I was a little apprehensive. Since I don’t have kids, I researched activities for them to do and worried Ocean might be rough on the kids.

I was so wrong.

Unbeknownst to me, little boys have the innate ability to find dangerous objects and/or activities. The more life-threatening, the faster they find them. It’s like a super-power for those who wishing a quick death. If someone had told me, I wouldn’t have believed it. But I witnessed it first hand.

Within seconds of arriving, the triplets found every sharpened knife in the house–even those my husband had given up for lost years ago. When they found the electrical boxes. I brought out the playdough.

Incredibly, my playdough was covered with fungus (mental note: never buy playdough at the Dollar Store) and before I could even recognize the white fuzz on it, they were eating it. I stared in horror wondering where to find the number for poison-control, when one stuffed a piece into his ear.

Time to go outside.

The boys were delighted with the idea of a walk and so was I. Snow is fluffy and soft and boys can’t eat trees, so I figured we were all good. It took the three boys (aka: demons) less than three seconds to find the tiny river that cuts through our property and then they were all jumping in the icy water. When I tried to get them out, Ocean joined them.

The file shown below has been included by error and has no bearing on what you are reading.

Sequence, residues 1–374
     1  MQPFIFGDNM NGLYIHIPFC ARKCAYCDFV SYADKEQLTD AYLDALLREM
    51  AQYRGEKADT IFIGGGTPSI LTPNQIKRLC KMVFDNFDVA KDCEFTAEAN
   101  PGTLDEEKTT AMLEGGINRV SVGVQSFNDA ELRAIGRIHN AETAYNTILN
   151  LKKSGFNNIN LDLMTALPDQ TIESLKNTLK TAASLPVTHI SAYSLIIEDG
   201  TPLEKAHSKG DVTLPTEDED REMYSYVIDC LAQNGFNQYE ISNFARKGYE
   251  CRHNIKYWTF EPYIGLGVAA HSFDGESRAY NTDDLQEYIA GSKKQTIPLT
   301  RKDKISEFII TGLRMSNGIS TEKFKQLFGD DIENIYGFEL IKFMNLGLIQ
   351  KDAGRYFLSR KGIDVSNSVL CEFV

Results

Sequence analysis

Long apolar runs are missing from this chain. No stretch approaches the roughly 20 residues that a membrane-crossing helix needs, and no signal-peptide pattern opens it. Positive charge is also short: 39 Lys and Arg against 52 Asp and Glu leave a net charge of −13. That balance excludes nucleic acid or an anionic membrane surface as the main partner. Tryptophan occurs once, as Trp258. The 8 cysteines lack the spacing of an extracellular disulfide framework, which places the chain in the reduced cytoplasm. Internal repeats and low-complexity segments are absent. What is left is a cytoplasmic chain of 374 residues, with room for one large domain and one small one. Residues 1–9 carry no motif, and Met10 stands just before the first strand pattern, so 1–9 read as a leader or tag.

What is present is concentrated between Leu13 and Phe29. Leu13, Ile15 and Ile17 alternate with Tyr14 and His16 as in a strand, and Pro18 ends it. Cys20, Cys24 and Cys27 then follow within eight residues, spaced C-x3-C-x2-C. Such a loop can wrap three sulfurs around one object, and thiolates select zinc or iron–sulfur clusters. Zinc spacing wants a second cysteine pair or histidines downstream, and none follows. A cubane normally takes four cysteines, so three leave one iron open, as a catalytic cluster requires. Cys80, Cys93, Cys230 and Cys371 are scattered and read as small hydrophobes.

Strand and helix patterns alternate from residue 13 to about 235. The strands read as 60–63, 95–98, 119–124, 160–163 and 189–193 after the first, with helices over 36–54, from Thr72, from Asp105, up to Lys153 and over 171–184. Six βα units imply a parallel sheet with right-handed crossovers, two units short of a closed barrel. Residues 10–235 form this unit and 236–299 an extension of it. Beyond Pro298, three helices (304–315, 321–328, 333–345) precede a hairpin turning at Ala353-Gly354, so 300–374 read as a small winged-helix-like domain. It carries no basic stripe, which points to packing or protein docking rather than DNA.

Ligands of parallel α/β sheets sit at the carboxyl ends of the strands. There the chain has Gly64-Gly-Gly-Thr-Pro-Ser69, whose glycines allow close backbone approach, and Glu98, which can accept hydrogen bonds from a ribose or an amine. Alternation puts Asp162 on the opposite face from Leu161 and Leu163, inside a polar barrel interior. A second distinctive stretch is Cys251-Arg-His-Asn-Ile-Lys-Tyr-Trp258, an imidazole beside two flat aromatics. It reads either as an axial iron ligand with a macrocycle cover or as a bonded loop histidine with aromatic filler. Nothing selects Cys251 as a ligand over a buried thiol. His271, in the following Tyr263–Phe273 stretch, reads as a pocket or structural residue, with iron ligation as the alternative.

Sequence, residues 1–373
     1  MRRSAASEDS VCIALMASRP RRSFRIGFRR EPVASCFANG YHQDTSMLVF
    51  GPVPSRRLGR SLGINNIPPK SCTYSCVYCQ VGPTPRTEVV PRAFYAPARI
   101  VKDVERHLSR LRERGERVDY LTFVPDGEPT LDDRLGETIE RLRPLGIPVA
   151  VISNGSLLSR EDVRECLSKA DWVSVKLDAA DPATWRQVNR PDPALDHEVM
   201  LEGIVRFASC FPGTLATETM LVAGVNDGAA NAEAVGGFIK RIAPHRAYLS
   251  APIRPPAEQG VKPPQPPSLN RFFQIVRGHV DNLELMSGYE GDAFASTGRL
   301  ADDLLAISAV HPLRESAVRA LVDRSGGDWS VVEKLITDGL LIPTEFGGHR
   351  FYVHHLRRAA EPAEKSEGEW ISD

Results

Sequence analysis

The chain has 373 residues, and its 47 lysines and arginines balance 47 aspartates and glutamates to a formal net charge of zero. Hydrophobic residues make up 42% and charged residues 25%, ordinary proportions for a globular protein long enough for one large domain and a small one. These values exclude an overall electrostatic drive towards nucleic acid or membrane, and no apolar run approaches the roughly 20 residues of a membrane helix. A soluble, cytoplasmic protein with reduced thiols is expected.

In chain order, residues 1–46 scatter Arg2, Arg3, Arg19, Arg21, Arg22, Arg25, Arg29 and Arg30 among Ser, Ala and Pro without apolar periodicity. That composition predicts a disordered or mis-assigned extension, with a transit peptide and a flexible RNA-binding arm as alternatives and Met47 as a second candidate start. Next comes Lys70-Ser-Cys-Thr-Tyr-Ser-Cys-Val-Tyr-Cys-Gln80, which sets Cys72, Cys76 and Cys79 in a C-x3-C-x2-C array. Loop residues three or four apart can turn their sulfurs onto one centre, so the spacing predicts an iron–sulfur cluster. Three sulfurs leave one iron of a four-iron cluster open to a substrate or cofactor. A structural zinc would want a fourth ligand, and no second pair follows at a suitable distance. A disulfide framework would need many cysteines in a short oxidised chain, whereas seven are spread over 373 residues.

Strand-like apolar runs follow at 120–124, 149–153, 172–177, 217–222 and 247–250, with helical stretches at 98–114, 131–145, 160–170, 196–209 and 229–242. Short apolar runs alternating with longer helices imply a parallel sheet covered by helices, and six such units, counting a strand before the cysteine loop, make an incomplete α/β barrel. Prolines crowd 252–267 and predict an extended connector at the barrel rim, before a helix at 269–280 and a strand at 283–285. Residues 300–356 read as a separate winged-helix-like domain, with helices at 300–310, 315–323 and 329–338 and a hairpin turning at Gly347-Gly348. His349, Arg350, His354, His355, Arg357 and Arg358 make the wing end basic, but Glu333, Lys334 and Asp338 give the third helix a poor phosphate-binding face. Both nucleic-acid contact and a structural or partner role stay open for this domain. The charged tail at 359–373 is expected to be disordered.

Trying to avoid hypothermia, I rushed everyone back to the house and fed them hot chocolate and cookies.

Big. Mistake.

Turns out that nothing can rival the energy level of three boys with sugar in their system. These new beings (I swear they were no longer human children), ran madly from room to room bumping into things, falling madly down stairs and sticking their fingers into every dangerous conceivable space. I won’t talk about the dents in the wall or the dirt or the tears in the sheets…better if I just say that, in spite of their best efforts, I managed to keep them alive until their mother arrived.

I have never been as glad to see anyone as I was at seeing Sissy. Never mind that Ocean was covered with playdough, that there were dents and dirt all over my white walls, that my white sheets would need careful soaking and heavy stain remover or that I might need several cups of tea and a very hot bath to feel human again, they had survived. No one had died.